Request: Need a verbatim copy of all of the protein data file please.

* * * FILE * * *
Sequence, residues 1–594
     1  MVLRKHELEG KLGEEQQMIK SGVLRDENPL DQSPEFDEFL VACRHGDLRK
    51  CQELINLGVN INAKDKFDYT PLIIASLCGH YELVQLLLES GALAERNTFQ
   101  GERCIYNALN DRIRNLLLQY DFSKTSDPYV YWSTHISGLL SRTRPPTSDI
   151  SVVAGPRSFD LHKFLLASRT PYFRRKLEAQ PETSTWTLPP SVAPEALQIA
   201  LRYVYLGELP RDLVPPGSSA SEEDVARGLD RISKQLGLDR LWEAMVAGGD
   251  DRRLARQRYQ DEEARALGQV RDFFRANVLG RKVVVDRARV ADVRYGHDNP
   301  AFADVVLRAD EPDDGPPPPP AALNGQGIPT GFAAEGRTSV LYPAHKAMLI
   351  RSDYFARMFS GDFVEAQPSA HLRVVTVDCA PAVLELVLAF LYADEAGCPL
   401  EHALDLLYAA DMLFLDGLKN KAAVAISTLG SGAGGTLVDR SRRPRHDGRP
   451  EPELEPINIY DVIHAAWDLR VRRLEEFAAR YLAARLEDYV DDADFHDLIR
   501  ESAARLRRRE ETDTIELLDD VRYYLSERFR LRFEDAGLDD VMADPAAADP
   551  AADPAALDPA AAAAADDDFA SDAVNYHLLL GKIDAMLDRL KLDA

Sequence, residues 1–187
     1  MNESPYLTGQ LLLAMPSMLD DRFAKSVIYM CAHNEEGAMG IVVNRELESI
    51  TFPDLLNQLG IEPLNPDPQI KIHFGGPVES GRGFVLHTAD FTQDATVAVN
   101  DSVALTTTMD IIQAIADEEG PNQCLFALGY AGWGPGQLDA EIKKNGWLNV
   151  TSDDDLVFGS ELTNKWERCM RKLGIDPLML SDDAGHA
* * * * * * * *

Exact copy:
Sequence, residues 1–594
     1  MVLRKHELEG KLGEEQQMIK SGVLRDENPL DQSPEFDEFL VACRHGDLRK
    51  CQELINLGVN INAKDKFDYT PLIIASLCGH YELVQLLLES GALAERNTFQ
   101  GERCIYNALN DRIRNLLLQY DFSKTSDPYV YWSTHISGLL SRTRPPTSDI
   151  SVVAGPRSFD LHKFLLASRT PYFRRKLEAQ PETSTWTLPP SVAPEALQIA
   201  LRYVYLGELP RDLVPPGSSA SEEDVARGLD RISKQLGLDR LWEAMVAGGD
   251  DRRLARQRYQ DEEARALGQV RDFFRANVLG RKVVVDRARV ADVRYGHDNP
   301  AFADVVLRAD EPDDGPPPPP AALNGQGIPT GFAAEGRTSV LYPAHKAMLI
   351  RSDYFARMFS GDFVEAQPSA HLRVVTVDCA PAVLELVLAF LYADEAGCPL
   401  EHALDLLYAA DMLFLDGLKN KAAVAISTLG SGAGGTLVDR SRRPRHDGRP
   451  EPELEPINIY DVIHAAWDLR VRRLEEFAAR YLAARLEDYV DDADFHDLIR
   501  ESAARLRRRE ETDTIELLDD VRYYLSERFR LRFEDAGLDD VMADPAAADP
   551  AADPAALDPA AAAAADDDFA SDAVNYHLLL GKIDAMLDRL KLDA

Sequence, residues 1–187
     1  MNESPYLTGQ LLLAMPSMLD DRFAKSVIYM CAHNEEGAMG IVVNRELESI
    51  TFPDLLNQLG IEPLNPDPQI KIHFGGPVES GRGFVLHTAD FTQDATVAVN
   101  DSVALTTTMD IIQAIADEEG PNQCLFALGY AGWGPGQLDA EIKKNGWLNV
   151  TSDDDLVFGS ELTNKWERCM RKLGIDPLML SDDAGHA